Kaia Kanepi greets number one seed Simona Halep after her win. (Photo by Eduardo MUNOZ ALVAREZ / AFP)
Kaia Kanepi greets number one seed Simona Halep after her win. (Photo by Eduardo MUNOZ ALVAREZ / AFP)

US Open shocker: Top dog gone

CALL the new Louis Armstrong Stadium the "Graveyard of Favourites."

In the first official match on the $150 million Armstrong court at Flushing Meadows, No. 1 seed Simona Halep of Romania crashed and burned in the first round of the US Open against 43rd-ranked Kaia Kanepi 6-2, 6-4 before most fans had settled in for the afternoon.

The match, which began at 11am, kicked off the 50th US Open as Halep's fans chanted "Si-mo-na" in the second set as the upset unfolded.

Halep became the first No. 1 seeded woman to lose in the first round in the tournament since 1922 when seedings began.

For all her WTA magnificence, Halep, 26, has made a habit of coming up short in giant moments of Grand Slams - winning just her first major in June at the French Open after many close calls. She's particularly flopped in Flushing Meadows.

"I didn't play great,'' said Halep, who lost in the first round last year to Maria Sharapova. "I didn't find the balance today. I just didn't really feel the ball.

"I think every player is struggling a bit in the first round - always about the nerves even when you are there in the top. You are human.''


Kanepi was surprised by Halep's crowd support. Perhaps the fans didn't realise the magnitude of the upset historically.

"I was thinking about that - why are they cheering for her so much, because normally they cheer for the underdog," said the 33-year-old Kanepi, an Open qualifier last year who traipsed unexpectedly to the quarterfinals. "It was a bit annoying for some time but I got over it."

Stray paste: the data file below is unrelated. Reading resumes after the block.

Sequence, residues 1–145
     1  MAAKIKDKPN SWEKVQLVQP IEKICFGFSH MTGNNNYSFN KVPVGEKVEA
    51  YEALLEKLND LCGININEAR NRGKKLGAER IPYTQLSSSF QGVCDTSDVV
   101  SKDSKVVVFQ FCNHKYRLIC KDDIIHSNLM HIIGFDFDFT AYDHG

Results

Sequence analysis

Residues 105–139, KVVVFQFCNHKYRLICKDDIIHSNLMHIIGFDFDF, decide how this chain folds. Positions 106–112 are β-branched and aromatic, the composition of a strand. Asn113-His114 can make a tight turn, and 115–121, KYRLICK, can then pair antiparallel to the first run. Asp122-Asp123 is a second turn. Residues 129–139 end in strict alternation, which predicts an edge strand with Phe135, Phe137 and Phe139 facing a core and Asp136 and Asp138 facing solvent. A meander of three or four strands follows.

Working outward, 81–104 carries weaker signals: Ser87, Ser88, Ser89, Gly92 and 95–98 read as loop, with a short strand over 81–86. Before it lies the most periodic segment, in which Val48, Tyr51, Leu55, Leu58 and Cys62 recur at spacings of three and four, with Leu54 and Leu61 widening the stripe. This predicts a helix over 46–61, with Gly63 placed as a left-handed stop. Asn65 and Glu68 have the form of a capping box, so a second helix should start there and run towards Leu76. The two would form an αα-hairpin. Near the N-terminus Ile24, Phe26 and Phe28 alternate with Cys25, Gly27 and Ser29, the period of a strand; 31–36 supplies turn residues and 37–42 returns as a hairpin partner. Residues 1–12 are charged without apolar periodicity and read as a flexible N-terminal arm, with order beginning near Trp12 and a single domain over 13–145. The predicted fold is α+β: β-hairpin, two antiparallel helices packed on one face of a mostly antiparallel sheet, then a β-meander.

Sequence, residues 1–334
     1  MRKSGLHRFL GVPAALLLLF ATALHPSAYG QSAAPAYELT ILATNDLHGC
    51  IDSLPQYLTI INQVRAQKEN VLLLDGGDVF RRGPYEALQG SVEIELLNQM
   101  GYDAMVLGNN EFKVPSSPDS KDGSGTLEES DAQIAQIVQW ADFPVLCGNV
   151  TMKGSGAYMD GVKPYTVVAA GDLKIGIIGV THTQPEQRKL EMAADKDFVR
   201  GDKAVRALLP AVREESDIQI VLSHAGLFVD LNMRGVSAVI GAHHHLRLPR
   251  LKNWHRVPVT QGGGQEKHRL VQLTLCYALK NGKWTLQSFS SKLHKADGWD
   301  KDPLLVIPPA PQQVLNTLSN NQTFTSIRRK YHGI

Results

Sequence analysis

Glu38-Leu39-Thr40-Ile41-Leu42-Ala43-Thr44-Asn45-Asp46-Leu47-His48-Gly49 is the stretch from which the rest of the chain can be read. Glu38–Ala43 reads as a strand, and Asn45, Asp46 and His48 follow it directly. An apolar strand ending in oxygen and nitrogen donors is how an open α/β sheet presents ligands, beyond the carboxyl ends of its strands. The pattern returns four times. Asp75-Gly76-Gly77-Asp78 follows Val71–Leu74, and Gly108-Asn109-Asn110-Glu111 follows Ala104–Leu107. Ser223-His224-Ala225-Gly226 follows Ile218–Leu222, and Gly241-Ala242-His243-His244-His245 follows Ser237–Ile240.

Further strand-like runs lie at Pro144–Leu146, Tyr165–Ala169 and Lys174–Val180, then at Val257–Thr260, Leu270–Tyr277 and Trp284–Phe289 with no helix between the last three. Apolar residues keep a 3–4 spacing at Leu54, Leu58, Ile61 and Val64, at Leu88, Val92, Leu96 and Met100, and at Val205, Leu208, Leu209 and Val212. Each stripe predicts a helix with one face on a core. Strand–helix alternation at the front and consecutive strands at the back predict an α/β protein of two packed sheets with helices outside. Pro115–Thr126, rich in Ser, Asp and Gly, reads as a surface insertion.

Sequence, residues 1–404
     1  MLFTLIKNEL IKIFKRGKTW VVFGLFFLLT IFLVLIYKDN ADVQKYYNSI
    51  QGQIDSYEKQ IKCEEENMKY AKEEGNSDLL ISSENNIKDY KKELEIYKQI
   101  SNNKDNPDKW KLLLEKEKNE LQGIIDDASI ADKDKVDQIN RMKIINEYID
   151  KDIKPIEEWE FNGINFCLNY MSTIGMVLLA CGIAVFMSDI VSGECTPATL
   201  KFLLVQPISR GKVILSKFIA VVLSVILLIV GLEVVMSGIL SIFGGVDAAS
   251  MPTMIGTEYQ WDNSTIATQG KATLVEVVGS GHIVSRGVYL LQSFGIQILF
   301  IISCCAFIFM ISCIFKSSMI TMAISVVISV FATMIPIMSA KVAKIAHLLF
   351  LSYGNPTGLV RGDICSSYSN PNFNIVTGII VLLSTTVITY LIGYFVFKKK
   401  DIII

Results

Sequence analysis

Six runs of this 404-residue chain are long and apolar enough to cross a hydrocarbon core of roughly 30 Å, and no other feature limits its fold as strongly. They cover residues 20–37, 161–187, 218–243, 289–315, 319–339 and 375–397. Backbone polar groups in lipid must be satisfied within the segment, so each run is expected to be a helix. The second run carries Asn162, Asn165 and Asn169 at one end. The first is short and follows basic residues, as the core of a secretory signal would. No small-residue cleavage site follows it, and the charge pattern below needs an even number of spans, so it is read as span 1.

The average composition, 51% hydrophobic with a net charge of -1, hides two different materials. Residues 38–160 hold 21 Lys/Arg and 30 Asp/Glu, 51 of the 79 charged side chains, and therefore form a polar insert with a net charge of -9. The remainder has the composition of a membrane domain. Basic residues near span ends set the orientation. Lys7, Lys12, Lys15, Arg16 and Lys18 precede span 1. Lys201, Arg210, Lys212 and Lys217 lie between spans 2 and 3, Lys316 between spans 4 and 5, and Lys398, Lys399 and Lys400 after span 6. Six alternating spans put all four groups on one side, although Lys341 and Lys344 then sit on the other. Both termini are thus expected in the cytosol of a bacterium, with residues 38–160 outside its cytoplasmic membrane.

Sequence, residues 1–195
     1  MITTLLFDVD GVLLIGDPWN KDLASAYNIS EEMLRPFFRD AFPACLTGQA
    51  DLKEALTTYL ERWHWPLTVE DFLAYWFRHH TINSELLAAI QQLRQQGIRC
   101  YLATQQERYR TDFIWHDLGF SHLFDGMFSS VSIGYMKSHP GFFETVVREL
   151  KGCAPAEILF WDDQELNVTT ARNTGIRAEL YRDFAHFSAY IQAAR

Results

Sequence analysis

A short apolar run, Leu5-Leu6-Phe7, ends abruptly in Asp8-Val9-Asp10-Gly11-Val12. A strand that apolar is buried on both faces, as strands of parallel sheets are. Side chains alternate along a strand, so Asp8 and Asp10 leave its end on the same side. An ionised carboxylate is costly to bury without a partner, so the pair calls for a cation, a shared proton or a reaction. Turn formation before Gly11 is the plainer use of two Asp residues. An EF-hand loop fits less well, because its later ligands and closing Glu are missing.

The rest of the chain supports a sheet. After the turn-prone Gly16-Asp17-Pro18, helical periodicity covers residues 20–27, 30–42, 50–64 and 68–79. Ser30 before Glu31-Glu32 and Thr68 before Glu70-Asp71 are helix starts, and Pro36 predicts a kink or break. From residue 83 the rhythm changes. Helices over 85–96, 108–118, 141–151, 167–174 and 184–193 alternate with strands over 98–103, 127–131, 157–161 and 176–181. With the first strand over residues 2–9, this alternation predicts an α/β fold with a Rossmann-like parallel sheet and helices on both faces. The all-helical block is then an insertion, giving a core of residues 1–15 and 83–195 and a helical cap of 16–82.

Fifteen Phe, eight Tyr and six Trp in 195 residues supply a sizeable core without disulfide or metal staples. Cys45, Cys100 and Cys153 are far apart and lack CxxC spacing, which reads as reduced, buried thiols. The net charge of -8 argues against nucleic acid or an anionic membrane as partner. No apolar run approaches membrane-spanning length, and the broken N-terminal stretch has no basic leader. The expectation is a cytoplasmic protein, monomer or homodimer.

With a punishing forehand, Kanepi cruised through the first set and got up a break in the second set at 4-2. But Halep, the world's No. 1 player, broke Kanepi at love to draw even at 4-4. The fans were into it.

"I really want to be honest - I didn't expect that (from the crowd),'' Halep said. "I felt the energy."

But Halep couldn't hold her serve and fell behind 5-4, prompting a mini-tantrum during the changeover. Halep shook her head and slammed her towel against the side of her chair repeatedly. Halep got ticked at hitting a poor passing shot on break point, in which Kanepi executed a lovely forehand-sliced angled volley winner.

All the frustration of her many Open failures perhaps came out during her towel smashing. She never has felt quite right here. This was her 10th Open and has made the semi-finals just once.

"Maybe the noise in the crowd, the city is busy, everything together,'' Halep said. "I'm a quiet person maybe I like smaller places. I don't really feel 100 per cent on my game when I step on the court here."

Halep's loss helps Serena Williams' draw. Williams was projected to face Halep in the fourth round.

Meanwhile, Kanepi wasn't daunted when she got Halep first, liking the stylistic matchup.

"Because I can be aggressive when I want to because she defends a lot,'' Kanepi said. "I have time to be aggressive."

Kanepi finished with 26 winners to just nine for Halep. Kanepi won seven points at the net to Halep's zero and broke her five times, converting 5/7 break points.

"I think the court suits my game and I love being in New York,'' Kanepi said. "I like the city and atmosphere and I like the weather - humid and hot."

Indeed, the cooler weather in the days leading up to opening day turned for the worse Monday. At 5-4, Kanepi held for the match as an exhausted-looking Halep floated a forehand long on double-match point, making ignominious history.

For one, Halep wouldn't blame the newness of Armstrong. "Actually I'm happy I was the first one there - even if I lost,'' Halep said. "It is a nice stadium - beautiful."

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